The inscription, which is partially illegible, may be read, Da ming chongzhen shi er nian san yue er shi qi ri chen shi sichuan chengdu fu mian zhou min li shang yi qi huang shi nan chun fang sheng ___ fa xin zhu zao changyou zuntian pusa yizun ___ yuan nian ___ zhu xiang liu zhi_, and may be translated, 'On the morning of the 27th day of the 3rd month of the 12th year of the Ming Emperor Chongzhen in the Chengdu district of Sichuan, Huang Nanchun, the wife of Li Shangyi, commissioned the casting of this figure of Changyou zuntian Bodhisattva, engraved by Liu zhi'.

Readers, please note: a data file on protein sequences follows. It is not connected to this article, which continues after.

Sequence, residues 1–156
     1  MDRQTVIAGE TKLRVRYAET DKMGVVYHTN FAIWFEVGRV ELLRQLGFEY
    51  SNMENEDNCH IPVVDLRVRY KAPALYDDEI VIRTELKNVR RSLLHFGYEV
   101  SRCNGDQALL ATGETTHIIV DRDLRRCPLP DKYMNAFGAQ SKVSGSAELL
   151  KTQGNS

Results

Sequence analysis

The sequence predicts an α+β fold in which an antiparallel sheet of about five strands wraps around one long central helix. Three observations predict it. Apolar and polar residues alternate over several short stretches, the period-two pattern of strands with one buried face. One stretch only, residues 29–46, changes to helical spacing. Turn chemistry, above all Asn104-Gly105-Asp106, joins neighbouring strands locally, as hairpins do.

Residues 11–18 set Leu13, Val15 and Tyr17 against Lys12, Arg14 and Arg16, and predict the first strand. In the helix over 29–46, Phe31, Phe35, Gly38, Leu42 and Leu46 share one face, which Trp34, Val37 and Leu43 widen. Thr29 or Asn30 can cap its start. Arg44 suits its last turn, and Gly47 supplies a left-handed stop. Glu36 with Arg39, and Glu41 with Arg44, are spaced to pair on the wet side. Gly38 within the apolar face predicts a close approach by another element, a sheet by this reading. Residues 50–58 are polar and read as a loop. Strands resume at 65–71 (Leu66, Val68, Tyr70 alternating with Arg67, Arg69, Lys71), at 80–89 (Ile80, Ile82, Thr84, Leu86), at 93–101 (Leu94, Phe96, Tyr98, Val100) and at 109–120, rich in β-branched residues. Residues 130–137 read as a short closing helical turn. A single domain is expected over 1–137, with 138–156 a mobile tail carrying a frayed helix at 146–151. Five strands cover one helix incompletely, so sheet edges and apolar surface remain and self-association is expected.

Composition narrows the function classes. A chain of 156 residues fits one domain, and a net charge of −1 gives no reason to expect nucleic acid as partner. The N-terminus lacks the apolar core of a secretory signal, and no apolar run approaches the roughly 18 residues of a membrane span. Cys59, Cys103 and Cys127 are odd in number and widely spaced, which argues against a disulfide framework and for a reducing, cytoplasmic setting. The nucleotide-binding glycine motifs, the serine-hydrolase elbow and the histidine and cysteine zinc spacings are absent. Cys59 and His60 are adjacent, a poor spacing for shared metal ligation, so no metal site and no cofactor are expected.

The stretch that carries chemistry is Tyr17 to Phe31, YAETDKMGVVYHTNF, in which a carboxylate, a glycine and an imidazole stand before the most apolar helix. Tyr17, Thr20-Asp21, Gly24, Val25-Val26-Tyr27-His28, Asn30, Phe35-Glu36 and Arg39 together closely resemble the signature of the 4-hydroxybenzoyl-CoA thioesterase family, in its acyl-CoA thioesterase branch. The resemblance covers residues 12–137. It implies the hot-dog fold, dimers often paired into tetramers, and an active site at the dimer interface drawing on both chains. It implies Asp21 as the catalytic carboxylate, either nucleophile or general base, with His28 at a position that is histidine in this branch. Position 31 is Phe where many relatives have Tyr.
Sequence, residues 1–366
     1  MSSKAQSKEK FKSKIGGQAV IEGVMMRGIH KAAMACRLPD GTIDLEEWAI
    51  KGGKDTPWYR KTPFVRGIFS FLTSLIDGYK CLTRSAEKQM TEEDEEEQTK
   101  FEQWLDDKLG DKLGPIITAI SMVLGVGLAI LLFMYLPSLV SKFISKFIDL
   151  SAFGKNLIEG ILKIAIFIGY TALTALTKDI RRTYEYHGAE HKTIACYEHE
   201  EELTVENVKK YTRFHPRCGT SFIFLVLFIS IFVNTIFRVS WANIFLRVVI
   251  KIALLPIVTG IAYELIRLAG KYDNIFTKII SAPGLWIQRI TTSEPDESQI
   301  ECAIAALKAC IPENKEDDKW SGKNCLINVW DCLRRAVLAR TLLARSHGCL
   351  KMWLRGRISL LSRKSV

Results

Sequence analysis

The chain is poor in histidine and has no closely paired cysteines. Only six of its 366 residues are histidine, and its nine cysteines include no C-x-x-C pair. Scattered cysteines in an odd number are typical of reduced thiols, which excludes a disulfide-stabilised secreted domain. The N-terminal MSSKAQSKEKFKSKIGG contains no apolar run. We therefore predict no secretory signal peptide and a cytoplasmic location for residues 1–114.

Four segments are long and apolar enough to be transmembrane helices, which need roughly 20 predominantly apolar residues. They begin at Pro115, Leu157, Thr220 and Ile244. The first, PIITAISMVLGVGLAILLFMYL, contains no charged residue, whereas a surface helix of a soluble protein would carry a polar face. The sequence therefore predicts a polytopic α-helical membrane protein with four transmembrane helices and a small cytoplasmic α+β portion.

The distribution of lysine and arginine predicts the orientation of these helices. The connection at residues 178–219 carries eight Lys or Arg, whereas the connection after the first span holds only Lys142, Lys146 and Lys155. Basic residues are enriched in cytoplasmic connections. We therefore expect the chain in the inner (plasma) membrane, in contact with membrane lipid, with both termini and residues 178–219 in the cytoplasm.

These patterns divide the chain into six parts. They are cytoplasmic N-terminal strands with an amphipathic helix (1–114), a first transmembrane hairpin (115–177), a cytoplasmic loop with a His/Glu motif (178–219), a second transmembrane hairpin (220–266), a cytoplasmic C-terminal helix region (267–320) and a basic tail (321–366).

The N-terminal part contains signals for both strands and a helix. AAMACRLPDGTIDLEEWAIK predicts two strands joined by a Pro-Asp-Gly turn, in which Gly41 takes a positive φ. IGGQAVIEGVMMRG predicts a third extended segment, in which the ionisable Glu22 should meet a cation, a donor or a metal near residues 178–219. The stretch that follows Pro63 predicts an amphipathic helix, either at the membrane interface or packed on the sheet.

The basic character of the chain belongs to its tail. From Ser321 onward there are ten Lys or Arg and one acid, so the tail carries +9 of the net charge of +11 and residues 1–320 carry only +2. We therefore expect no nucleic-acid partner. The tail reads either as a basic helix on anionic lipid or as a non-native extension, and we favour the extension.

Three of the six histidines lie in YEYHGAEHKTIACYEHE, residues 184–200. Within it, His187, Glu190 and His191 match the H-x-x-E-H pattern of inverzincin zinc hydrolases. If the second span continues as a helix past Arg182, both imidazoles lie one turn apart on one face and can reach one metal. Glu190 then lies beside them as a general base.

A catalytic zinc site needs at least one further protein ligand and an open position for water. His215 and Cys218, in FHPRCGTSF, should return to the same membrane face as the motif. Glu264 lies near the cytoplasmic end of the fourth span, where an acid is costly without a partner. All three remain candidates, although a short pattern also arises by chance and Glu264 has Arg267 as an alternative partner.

This large figure is related to other imposing representations of military bodhisattva, such as the Ming dynasty bronze figure of Skanda, a guardian deity of law, the first of thirty-two generals under the four Heavenly Kings, shown holding a similar sceptre-shaped weapon across his arms which are raised in front of his chest, illustrated in Ancient Temples in Beijing, Beijing, pl. 127. Compare, also, the Ming dynasty stucco figure of another military bodhisattva of comparable size and with very similar face shown holding a similar weapon in his right hand in the Shanhua Temple, illustrated in Buddhist Sculpture of Shanxi Province, Beijing, 1991, pl. 267. Another gilt-bronze figure (99.6cm.) dated to the Ming dynasty also representing a bodhisattva in full armor, his hands positioned to rest atop the now missing weapon, is illustrated in Fojiao diaosu mingpin tulu (Images of Famous Buddhist Sculpture), Beijing, 1997, no. 542